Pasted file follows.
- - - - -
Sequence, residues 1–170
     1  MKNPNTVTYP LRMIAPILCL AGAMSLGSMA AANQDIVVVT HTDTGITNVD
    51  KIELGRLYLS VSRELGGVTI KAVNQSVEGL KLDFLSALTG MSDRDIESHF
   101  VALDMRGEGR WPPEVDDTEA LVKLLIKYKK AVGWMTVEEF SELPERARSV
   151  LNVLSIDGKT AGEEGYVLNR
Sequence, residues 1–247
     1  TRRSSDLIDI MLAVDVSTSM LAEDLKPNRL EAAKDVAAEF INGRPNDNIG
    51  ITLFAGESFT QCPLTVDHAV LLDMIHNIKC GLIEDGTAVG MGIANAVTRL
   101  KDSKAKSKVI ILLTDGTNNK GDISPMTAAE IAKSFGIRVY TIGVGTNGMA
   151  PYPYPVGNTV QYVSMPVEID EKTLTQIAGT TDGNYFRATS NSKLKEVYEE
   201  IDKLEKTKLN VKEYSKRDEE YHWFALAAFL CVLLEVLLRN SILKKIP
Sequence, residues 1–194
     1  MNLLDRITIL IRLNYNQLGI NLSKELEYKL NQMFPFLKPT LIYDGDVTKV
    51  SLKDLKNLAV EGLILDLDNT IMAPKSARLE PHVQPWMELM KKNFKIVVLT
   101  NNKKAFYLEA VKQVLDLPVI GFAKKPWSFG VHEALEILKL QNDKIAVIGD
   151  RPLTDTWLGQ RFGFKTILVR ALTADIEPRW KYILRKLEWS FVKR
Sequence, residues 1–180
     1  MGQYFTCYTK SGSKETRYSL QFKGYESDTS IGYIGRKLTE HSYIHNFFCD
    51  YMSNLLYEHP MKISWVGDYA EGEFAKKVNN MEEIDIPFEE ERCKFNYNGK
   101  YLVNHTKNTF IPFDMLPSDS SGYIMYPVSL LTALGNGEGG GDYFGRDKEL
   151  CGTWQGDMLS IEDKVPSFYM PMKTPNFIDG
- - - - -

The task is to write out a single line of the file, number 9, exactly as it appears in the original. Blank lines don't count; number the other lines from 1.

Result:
   101  KDSKAKSKVI ILLTDGTNNK GDISPMTAAE IAKSFGIRVY TIGVGTNGMA